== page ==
Friday, January 11, 2019

Attending the Funeral

Many years ago Larry heard an opinion piece on NPR entitled, “Always Go to the Funeral.” ( I have always believed in doing this, and yesterday, we did so once again.


We worked with Gabriel Rodriguez in Japan on the Universal Studios Japan project in Osaka, where Gabe was a Facilities Design Manager.
His background was as an architect. The photo below was taken by Dave “Bowtie” Frolich. During the project, he photographed all of the project team—American and Japanese—and “wallpapered” his office with them.
After USJ, Gabe went on to other projects in the entertainment industry—often in interesting foreign locations. Gabe loved to travel, enjoyed the challenges, and did a great job.
He was a favorite on the team. Men are rarely described as “sweet,” but Gabe was. He had a wonderful sense of humor and made lots of friends. He passed away suddenly at his sister’s home. Several of us from the USJ team attended his funeral yesterday—a fitting tribute to the special man he was.


We heard about another recent death. In the late 1970s and early 1980s, we worked at CF Baun & Co, an engineering firm in Alhambra, California. I was in the Power division, working on six nuclear power plants in Tennessee. Larry was on loan to the Power Division in Electrical Engineering, where he worked for Bill Forsyth. Bill’s son. Roy, worked in my area.
His best friend, John Osborne, was in the Electrical Section. The two of them were so much fun. The photos above were from Roy’s birthday party in 1979 at a local park.
A few years later, John moved to Tennessee to work at the jobsite. However, the job was halted, and he returned to California, where he went to work for Larry on his project. Shortly thereafter, this project was also cancelled. Not long thereafter, John didn’t arrive at work. Roy went to check on him and discovered he had passed away. John was thirty-five years old.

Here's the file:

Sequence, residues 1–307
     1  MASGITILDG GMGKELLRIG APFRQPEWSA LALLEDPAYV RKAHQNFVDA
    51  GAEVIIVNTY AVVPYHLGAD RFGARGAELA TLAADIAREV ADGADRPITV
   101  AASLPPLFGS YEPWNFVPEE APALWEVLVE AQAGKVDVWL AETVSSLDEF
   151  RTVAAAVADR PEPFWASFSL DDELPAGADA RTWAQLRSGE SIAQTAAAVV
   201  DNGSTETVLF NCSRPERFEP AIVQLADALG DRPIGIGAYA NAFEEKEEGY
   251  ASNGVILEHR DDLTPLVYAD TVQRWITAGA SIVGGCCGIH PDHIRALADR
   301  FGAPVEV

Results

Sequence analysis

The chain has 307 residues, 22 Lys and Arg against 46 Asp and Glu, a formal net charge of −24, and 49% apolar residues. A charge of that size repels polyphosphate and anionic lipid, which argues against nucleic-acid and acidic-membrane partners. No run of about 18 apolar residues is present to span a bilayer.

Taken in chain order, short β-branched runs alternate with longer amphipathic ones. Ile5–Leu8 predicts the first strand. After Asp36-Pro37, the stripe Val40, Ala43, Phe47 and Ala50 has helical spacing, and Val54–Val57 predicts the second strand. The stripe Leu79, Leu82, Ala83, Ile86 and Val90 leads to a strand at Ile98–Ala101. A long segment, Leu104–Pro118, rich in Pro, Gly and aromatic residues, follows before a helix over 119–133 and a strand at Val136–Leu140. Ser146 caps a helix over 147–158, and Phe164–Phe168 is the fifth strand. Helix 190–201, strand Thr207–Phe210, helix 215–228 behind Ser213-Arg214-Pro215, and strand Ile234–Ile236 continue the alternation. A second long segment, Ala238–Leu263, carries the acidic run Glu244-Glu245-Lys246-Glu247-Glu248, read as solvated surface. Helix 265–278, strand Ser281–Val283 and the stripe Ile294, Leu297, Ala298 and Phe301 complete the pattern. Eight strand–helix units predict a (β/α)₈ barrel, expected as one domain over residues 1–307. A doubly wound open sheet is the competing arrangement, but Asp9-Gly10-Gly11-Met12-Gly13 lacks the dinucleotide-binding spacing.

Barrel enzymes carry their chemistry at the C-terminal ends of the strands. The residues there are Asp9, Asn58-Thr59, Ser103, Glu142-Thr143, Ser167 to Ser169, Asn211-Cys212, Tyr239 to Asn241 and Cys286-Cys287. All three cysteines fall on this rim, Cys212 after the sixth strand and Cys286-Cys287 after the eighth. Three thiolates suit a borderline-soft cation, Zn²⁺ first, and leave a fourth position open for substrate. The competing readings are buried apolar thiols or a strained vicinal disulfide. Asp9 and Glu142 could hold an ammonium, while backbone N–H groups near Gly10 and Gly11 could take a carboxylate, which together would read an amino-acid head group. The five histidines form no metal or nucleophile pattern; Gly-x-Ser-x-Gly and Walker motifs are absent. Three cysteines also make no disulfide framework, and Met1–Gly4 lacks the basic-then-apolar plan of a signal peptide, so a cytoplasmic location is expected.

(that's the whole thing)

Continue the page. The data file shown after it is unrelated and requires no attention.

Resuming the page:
Not long afterward, Roy Married Terrie, who worked for me. (This is a fairly recent photo.)  Larry and I attended their wedding.
A few weeks ago, Roy died suddenly. He and Terrie lived in Las Vegas, and we haven’t heard about a funeral, but it would probably be too far to attend. If they were closer and scheduled a service, we’d be sure to go. Again, we were stunned at this sudden loss.


I worked with Tracy at Downey Savings. She was in Lending, so we didn’t work together directly. However, we ran into each other from time to time. Over the seven years I spent at Downey, I got to know her a bit.
Around the same time as we heard about Roy, we also heard about Tracy’s death. She was much younger, and word of her death came as a shock. She requested no service, so we won’t attend, but we would have if we could have.
Do you always make it a point to attend funerals? Why or why not?


  1. 99% of the funerals I've attended have been for family members and I attend when possible.
    However, I've had the misfortune, more than once, of having several family members die within a short period and it came to a point when I got funeral overload. I just couldn't take the emotional strain anymore.
    Luckily, I haven't had to deal with a funeral lately, but when one does eventually turn up, I do attend if I can.

  2. i prefer memorial services to funerals--sounds morbid, doesn't it? Usually go to any that are close enough. My mom had 3 memorial services--one at our church, one at my sister's in Vegas, and one at Forest Lawn where she was buried. The reason was so people who lived in all these places could attend at least one. She was much loved by many--and had lots of relatives.

    1. I, too, prefer memorial services. More and more of our friends and family are opting for cremation with a memorial service. For Larry's parents, we had a graveside service shortly after they died and a memorial service at a later date when the whole family could come.